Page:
Citi and LinkedIn published the third installment of their Today’s Professional Women survey last week with some encouraging and interesting results. While the study didn’t address the gender wage gap or the lack of women in senior leader positions, Citi and LinkedIn have revealed a noteworthy path for women’s career success. Here are findings highlighted in a Business Wire summary of the study which caught my attention.
- Men’s career paths are linear, women’s career paths have more transitions (among baby boomers, the men have an average of 6 jobs, the women an average of 8 and the expect a total of 10).
- Fewer women are working in the field they studied in college (55% of women vs. 64% of men).
- Many women think they will be in a different industry or comapany in 10 years (30% of women vs. 19% of men).
In her recent blog post, Linda Descano, Presdient and CEO of Women & Co a service of Citi for women, notes that the findings show a shift for women. Descano says, “It’s no longer about overcoming massive roadblocks that stand in our way – it’s about turning those so-called obstacles into opportunities, and how we navigate them to ensure that we’re moving towards our goals with each step forward.”
I think these findings show the ingenuity and resilience of women in being able to forge paths to career success when the traditional career paths were either not available to women or were not conducive to our needs. When we can’t go straight through to what we want, we find a way around that works for us.
Women are more stressed over finances than men, stresses include:
- Paying off credit card debt (36% of women vs. 29% of men).
- Paying off student loans (35% of women vs. 28% of men).
- Getting a raise (30% of women vs. 23% of men).
These results aren’t surprising. Since women generally earn 18% less than men, we have good reason to be more concerned about finances.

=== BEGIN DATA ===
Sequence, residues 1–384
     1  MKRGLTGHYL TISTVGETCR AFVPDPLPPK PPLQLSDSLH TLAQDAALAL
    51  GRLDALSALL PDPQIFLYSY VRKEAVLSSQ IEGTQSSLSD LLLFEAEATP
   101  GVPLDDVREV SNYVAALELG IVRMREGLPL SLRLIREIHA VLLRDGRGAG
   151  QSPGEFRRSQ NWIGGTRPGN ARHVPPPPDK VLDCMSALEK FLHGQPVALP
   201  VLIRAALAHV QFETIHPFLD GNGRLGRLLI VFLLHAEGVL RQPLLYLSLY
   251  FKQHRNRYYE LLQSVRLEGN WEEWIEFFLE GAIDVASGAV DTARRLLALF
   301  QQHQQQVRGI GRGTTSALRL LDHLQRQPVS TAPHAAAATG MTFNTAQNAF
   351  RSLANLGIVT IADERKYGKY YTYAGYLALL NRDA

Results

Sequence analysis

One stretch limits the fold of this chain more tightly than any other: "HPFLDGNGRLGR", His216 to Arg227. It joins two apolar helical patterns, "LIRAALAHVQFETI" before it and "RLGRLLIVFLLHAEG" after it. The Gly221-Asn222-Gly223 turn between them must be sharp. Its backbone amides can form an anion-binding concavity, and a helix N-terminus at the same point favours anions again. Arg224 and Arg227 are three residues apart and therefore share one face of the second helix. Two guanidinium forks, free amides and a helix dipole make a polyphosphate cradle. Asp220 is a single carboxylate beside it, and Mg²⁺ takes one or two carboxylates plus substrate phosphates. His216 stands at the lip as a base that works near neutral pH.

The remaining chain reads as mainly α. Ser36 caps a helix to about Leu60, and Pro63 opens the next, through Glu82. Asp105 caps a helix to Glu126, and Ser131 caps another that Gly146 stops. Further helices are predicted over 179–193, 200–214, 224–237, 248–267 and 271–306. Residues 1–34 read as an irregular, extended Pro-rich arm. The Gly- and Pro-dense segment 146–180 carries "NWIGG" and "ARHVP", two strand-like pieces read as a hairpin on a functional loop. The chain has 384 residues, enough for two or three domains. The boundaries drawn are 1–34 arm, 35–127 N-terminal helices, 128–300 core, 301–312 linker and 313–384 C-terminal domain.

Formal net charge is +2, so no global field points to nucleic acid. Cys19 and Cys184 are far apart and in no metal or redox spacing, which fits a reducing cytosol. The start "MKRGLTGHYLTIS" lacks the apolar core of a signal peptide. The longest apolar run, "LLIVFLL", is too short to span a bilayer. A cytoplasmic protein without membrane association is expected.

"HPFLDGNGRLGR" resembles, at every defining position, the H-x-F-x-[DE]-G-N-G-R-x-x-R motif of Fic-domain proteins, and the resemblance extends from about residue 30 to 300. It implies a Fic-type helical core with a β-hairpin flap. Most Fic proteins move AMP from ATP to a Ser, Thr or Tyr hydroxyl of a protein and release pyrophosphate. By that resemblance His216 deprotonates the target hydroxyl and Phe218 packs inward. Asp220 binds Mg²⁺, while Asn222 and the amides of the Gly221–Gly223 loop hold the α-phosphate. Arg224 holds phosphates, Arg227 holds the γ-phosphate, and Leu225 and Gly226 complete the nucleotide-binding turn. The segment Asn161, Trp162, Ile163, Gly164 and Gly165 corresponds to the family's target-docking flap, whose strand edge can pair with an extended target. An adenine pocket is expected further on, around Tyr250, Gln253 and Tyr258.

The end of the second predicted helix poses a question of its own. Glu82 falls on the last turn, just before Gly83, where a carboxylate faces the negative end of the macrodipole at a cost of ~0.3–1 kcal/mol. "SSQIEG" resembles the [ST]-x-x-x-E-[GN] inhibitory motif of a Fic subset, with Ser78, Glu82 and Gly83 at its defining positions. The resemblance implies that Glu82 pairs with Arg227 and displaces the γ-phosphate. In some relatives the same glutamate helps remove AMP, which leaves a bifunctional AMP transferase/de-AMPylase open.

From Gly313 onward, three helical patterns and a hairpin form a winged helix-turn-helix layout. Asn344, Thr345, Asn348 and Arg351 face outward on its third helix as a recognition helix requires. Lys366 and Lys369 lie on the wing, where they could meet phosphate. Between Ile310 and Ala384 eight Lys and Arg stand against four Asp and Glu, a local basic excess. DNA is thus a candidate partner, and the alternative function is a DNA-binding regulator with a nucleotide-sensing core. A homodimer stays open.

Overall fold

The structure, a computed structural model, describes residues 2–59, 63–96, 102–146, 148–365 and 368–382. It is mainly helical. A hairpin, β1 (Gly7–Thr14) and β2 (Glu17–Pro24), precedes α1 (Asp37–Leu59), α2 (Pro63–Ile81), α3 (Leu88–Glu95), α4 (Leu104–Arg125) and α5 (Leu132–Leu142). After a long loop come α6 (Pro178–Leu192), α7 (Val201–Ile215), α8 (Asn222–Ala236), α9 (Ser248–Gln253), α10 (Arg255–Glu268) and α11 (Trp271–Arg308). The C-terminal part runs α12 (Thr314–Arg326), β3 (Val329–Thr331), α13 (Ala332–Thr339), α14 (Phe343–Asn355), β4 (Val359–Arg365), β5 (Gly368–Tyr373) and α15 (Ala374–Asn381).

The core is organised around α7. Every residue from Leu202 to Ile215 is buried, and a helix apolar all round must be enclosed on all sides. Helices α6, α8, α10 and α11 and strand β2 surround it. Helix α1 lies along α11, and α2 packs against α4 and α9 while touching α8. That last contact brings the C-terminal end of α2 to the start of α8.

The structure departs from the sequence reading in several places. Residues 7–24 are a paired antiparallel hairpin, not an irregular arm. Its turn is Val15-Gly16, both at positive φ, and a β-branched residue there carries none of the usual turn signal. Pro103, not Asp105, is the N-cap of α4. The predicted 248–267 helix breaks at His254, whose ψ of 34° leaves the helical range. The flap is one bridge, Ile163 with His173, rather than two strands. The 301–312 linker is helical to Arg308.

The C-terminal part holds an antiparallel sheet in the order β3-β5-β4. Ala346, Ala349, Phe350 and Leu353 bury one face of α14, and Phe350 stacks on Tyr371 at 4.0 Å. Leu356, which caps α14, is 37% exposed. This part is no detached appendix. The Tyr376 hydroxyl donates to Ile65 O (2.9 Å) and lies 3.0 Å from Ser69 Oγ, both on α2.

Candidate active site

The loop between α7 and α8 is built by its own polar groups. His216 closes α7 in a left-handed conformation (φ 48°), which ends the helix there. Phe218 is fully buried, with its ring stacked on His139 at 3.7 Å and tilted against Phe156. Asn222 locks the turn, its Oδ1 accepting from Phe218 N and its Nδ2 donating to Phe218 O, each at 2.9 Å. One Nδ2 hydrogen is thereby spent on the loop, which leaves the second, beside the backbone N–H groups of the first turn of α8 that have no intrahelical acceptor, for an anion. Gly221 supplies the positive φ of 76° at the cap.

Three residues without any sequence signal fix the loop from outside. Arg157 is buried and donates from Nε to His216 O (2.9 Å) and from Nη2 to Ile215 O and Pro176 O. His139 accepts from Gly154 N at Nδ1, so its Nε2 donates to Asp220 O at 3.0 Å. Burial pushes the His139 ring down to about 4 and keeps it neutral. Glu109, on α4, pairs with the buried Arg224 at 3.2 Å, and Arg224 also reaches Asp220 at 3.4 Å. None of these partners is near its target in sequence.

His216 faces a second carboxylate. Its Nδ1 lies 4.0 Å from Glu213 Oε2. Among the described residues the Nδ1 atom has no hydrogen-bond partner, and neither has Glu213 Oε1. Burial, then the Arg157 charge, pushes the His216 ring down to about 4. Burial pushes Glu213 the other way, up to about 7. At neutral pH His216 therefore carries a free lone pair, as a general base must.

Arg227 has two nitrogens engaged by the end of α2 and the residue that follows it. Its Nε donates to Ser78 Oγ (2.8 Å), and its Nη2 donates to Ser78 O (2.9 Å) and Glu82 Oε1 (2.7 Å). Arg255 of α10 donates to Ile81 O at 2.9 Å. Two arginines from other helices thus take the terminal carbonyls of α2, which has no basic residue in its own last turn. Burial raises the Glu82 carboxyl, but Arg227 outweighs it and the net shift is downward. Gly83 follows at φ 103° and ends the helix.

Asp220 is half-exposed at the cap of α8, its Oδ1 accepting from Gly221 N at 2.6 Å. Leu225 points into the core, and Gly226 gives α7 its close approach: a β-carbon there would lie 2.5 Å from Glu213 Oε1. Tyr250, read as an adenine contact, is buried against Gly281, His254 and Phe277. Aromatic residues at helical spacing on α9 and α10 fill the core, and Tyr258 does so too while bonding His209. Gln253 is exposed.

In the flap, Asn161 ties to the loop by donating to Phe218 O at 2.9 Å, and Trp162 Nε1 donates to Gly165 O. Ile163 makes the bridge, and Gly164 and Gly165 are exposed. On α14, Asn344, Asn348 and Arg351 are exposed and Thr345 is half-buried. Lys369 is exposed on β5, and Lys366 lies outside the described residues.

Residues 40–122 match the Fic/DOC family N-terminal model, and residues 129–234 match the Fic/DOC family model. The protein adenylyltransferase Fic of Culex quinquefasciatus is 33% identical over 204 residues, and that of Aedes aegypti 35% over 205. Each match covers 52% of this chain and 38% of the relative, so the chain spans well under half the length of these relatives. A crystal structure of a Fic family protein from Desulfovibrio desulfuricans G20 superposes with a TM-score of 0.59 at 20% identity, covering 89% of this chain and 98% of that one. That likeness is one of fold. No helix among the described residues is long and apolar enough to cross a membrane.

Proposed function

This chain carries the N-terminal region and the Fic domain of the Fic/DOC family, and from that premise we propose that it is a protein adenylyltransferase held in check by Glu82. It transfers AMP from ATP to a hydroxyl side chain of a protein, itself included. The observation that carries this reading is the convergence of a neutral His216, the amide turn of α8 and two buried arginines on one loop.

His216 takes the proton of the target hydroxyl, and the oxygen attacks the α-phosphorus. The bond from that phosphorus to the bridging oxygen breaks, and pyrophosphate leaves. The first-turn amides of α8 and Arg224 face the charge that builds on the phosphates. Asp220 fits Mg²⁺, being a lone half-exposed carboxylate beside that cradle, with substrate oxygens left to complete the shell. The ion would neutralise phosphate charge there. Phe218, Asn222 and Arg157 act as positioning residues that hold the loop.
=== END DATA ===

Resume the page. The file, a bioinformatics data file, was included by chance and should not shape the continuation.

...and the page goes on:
Men put greater emphasis on children, marriage and family
- Finding the right balance between work and family life is the number one career concern for both genders (50% of men vs. 48% of women).
- Men were more likely than women to think of themselves as family-oriented.
- 79% of men equate “having it all” with being in a “strong, loving marriage” vs. only 66% of women.
- 86% of men factor children into their definition of success vs. 73% of women.
- 25% of women think that being in a “strong, loving relationship” is all they need to have it all; marriage is not necessary. Only 14% of men agree.
- The number of women who do not factor marriage or relationships into their definition of success has nearly doubled (from 5% to 9%) since the survey was first conducted in July 2012.
After seeing these findings, I’m encouraged. I’m hoping that the men who participated in the study are representative of the broader male gender. It appears that men have truly evolved and are now seeing themselves as true partners in raising their children and taking care of their homes and not just the stereotypical ‘family-man’ of past generations who parented on the weekends and expected dinner on the table every night.
The results also suggest that we as women are evolving. We are no longer defining ourselves as just mothers and wives, but acknowledging that we can be fulfilled and successful in other ways. This gives me hope that these evolutions of gender will continue until women and men achieve a true balance of power at home and at work, where we all equally share responsibility for ourselves and others, and where opportunity exists equally in the workplace for women as well as men.
Women are achieving success in their careers
The most positive findings from the study show that even though we have to navigate the path to career success differently, an almost equal number of women and men (47% vs. 48%) feel they have achieved their personal goals. More importantly, nearly half (47%) of the women surveyed consider themselves successful, which has increased 10 points since the last study in March 2013.
As I read the last statistics, an old Aretha Franklin song immediately came to mind, “Sisters are doin’ it for themselves.” You got that right – Game On!
What’s your career path look like? Have you achieved career success? Share your story with us – Twitter, Facebook, Youtube, #LeaveYourLegacy. Or, join the conversation that inspired the Today’s Professional Women survey on Connect: Professional Women’s Network, the fast-growing LinkedIn group of more than 190,000 professional women powered by Citi.
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